Plenty of Indiaâ€™s finest monuments are in Delhi, and that, together with its proximity to Rajasthan, explains why so many travellers begin their journey there. I couldnâ€™t put down this Times of India report in March on US secretary of state Condoleeza Riceâ€™s visit to a monument in Delhi. â€œThe mystique of Humayunâ€™s Tomb made her eyes misty . . . Condi felt the legacy of Delhi inside her.â€ (There remains something of the court circular about newspapers in New Delhi with their tittle-tattle about who is out of favour with Number 10 - Janpath in this case (home of Sonia Gandhi) - and who the latest dignitary on a state visit is.)
Delhi never moved me quite as much as it reputedly did â€œCondiâ€ but when I went to college there in the early 1980s I loved the city unreservedly because the legacies of the Turkish, Mughal and British empires were almost always around me.
Talk about a lesson in history: The bus ride from a friendâ€™s home on the outskirts of south Delhi to my college in old Delhi took me past the 12th-century Qutab Minar, past Lutyenâ€™s Delhi to the 17th-century Red Fort to 19th-century British Delhi and its quaintly named Civil Lines. In Delhi, tombs and monuments straddle intersections the way other cities have traffic lights.
On a recent trip, I returned to Old Delhi - and my old college - after a gap of more than two decades. Plenty went wrong in annoying and abrasive Delhi fashion; Bombay and Bangalore are both more gracious and more efficient cities.
If you are lucky enough to befriend a Delhite, his hospitality is legendary; bear hugs replace the handshakes. If you are a visitor, however, watch out for the sharpest of elbows.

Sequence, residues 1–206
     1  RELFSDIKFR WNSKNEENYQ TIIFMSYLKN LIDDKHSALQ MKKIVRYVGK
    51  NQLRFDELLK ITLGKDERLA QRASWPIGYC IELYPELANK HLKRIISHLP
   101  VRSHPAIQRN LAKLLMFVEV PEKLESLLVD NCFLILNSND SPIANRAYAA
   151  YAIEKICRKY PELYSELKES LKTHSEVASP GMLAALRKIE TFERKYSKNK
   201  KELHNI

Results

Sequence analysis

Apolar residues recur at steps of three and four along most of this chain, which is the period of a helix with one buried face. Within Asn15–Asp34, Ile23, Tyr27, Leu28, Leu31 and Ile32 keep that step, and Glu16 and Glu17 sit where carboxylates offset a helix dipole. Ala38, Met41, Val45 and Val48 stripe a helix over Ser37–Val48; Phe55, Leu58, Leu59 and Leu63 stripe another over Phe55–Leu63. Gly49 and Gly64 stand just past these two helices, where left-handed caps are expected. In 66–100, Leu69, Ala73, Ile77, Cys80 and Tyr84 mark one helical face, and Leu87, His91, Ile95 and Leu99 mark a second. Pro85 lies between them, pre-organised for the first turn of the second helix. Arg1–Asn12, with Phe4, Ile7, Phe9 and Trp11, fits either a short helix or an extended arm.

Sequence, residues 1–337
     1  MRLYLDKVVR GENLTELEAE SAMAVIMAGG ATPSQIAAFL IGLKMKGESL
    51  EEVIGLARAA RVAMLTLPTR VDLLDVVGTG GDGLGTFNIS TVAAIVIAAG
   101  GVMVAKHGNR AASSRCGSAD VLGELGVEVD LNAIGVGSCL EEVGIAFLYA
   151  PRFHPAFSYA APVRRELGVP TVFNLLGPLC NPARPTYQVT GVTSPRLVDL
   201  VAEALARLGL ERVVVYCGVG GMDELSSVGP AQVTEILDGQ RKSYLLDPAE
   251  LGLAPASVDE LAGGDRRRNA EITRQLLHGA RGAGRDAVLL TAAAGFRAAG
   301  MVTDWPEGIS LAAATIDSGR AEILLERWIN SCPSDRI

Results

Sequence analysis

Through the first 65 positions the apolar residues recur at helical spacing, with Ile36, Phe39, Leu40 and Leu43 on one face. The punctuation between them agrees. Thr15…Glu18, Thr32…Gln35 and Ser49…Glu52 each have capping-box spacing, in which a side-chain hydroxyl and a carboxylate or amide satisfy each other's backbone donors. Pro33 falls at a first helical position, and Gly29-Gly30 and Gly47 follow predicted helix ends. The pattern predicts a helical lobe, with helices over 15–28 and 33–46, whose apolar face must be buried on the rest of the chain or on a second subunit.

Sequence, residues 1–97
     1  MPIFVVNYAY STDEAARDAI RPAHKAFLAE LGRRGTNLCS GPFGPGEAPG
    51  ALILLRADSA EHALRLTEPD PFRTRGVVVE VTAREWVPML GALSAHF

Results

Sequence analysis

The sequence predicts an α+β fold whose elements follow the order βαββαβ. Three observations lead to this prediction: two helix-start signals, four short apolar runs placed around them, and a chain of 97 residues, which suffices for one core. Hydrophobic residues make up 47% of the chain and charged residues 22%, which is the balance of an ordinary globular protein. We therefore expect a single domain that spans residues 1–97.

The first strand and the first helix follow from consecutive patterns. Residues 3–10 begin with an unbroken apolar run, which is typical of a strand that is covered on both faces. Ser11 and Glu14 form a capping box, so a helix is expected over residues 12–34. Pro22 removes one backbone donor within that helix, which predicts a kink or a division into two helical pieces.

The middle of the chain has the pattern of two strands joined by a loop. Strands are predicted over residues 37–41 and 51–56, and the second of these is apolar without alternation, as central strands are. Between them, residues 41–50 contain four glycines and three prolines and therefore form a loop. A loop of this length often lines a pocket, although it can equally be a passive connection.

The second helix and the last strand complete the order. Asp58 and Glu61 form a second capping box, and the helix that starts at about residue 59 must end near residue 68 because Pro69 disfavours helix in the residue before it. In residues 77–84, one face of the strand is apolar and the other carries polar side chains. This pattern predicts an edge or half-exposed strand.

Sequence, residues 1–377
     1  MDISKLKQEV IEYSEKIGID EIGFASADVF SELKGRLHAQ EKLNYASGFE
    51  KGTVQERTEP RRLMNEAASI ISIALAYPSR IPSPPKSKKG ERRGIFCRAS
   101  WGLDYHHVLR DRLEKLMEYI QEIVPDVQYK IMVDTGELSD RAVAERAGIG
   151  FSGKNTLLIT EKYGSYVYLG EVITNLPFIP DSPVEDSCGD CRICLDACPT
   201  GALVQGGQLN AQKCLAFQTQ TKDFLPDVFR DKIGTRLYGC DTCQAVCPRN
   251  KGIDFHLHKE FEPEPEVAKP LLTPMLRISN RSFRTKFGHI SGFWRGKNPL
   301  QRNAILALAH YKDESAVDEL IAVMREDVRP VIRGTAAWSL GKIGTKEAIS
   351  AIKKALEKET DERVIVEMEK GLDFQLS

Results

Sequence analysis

For travellers, a booster shot of patience and good humour before you land is advised. The old line about people viewing socialism differently depending on which side of the counter you are on in Delhi is settled by everyone behaving as if they are firmly ensconced behind the counter.
My booking for a night at the Oberoi Maidens, a sprawling colonial hotel in old Delhi, was mysteriously cancelled. (I opted to stay with friends in a more convenient location instead.)
Then an officious caretaker at St James Church berated me for taking notes on the history of its restoration (prominently displayed) and insisted I leave the church. (She had a notice from the presbyter to prove her point, she said improbably, but it was hard to imagine this happening anywhere else.)
Happily, my college looked much the same but prettier, its gardens blushing at the fecundity of the Delhi spring. The history students appeared to be tackling the same questions I had wrestled with: â€œDiscuss the character of the May Fourth Movement. Why has it been considered a Chinese renaissance?â€ and â€œThe May Fourth Movement called into question the very basis of the Chinese state. Commentâ€.
But, the â€œcampus placementâ€ notice-board suggested that even in this seemingly timeless college quadrangle, change was on its way. When I studied in Delhi a couple of decades ago, the vast majority of students in my class were preparing for Confucian-style exams that would vault them into the government bureaucracy. This time, there were notices with candidates shortlisted by the consulting firm Ernst Young, a local ad agency and the Indian Express, a newspaper. If that notice board is a window into the future, fewer young Indians covet what Delhi has historically been all about: managing a department of rubber-stampers and securing a flashing red light on top of your car.